We read this and gasp in astonishment. What follows is more astonishing still: “Katsutaro, with true samurai spirit, showed not the slightest hesitation. He turned back, dove into the seething waves, and was never seen again.”

Small wonder if these tales of Saikaku, breathing defiance and transcendence of natural human limitations, veer occasionally into the supernatural. In one story two samurai seal their friendship by arranging for their children to marry. That the children are not consulted goes without saying. They are not even told. Shortly afterward, the father of the groom-to-be is murdered. It’s a cowardly ambush, a thuggish settling of an unjust grudge. It cries for revenge. The victim’s son, Kamenoshin, is 19. Fiercely determined, having obtained his lord’s permission, he sets forth.

A summons from his late father’s friend stops him in his tracks. Informed of the betrothal, he accepts the news without comment, and proceeds on his way.

Two years of feverish searching uncover the culprit at last. But the avenger is alone and his prey accompanied. The boy is getting the worst of it. Fighting with all his waning strength, he prepares for death. Suddenly his opponents “mysteriously began to stagger backward as if their hair was being pulled.” So it was — by his bride, in bed, in a dream.

The boy triumphs, the marriage is consummated, the couple live happily ever after. It is one of Saikaku’s rare happy endings.

A samurai youth “as lovely as a spray of plum blossoms,” in the 12th century when this tale is set, would naturally draw the erotic attentions of his lord, as the boy Umemaru did, until he came of age, and then it was time for him to marry. Word reached him of a peerless beauty named Kogin, 14 years old and, as it happened, madly in love with him, though she had never seen him, nor he her.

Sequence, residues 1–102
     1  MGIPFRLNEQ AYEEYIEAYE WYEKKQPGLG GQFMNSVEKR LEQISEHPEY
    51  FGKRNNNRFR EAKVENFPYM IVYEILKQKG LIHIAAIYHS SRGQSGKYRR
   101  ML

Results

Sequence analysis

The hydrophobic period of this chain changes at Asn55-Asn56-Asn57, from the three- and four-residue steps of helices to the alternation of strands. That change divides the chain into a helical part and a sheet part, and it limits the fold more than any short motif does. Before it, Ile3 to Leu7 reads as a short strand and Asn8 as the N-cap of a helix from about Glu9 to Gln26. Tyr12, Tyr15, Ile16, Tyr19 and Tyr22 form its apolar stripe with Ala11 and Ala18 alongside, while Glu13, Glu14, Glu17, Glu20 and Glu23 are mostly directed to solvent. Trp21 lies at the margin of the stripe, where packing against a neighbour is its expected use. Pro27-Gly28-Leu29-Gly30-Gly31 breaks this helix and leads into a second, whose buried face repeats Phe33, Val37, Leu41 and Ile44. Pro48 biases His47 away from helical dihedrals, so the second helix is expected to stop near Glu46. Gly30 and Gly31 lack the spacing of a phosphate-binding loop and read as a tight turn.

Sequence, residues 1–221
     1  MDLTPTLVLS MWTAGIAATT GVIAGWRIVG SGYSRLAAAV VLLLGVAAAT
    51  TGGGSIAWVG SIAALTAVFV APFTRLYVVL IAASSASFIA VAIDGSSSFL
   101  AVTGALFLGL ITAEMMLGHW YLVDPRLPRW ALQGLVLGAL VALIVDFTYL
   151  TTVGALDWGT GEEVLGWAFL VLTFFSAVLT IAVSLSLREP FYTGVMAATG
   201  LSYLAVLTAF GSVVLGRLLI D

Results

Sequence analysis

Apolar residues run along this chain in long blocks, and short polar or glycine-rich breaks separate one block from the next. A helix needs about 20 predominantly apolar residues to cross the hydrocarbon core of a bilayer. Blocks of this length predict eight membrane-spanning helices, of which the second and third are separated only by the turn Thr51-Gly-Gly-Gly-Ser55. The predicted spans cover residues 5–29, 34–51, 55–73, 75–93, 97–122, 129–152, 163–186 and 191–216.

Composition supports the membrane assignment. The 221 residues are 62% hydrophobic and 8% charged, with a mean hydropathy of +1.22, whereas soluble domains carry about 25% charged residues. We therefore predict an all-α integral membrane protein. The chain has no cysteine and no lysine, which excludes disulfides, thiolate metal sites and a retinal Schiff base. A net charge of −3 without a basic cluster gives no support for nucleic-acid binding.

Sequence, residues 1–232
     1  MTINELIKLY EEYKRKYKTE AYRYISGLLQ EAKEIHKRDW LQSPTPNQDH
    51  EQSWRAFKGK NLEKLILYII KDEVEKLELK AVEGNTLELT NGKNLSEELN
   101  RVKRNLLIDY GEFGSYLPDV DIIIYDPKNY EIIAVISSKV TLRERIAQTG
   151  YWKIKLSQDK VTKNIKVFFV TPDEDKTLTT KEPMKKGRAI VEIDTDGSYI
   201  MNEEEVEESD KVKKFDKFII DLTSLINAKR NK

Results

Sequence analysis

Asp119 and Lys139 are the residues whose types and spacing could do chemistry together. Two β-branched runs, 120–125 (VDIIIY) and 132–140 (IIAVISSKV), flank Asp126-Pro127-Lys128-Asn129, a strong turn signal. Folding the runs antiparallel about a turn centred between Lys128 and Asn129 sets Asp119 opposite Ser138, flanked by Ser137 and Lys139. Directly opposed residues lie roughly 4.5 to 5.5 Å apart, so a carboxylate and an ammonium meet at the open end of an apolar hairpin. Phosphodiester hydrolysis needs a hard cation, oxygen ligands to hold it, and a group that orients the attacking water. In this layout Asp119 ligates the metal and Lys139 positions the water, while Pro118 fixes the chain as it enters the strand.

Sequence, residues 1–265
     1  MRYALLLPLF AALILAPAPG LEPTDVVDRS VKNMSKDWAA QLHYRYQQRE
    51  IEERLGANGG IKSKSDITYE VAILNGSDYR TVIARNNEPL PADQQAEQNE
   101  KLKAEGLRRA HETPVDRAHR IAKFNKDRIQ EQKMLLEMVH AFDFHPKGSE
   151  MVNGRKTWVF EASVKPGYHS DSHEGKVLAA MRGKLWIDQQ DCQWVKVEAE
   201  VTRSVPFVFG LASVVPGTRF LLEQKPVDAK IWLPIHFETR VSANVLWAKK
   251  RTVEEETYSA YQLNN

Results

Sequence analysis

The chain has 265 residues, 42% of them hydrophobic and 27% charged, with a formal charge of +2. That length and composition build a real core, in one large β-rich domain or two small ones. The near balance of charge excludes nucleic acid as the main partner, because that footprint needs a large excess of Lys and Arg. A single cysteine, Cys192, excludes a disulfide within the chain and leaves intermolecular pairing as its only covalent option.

The domain matchmaker approached the girl’s father — who, to his surprise, was oddly hesitant. That the boy was worthy and more than worthy, he admitted — but, he said, Umemaru, samurai to the core and duty-bound to his lord, would surely commit seppuku should the lord die. Then his daughter would be left a widow. It gave him pause.

“This was a rather faint-hearted speech for a samurai,” Saikaku tells us, and on second thought indeed, the father reconsidered. The match took place, and “after their marriage their love grew even deeper.”

The father’s worst fear came to pass. The lord fell ill, and died. Umemaru explained to Kogin his resolve to follow him in death. Kogin received the news with indifference. True, as a samurai wife she was schooled to iron self-control; still, Umemaru was disconcerted — more so when she said blandly, “After you are gone, I will trust to luck and look for another husband.”

His seppuku was immediately followed by hers. The note she left behind explained her odd behavior: “I spoke coldly and faithlessly in order to anger my husband, so that he could die without any regret at leaving me.”

This is the third of three parts on love and loyalty in Japan. Michael Hoffman’s latest book is “Cipangu, Golden Cipangu: Essays in Japanese History.”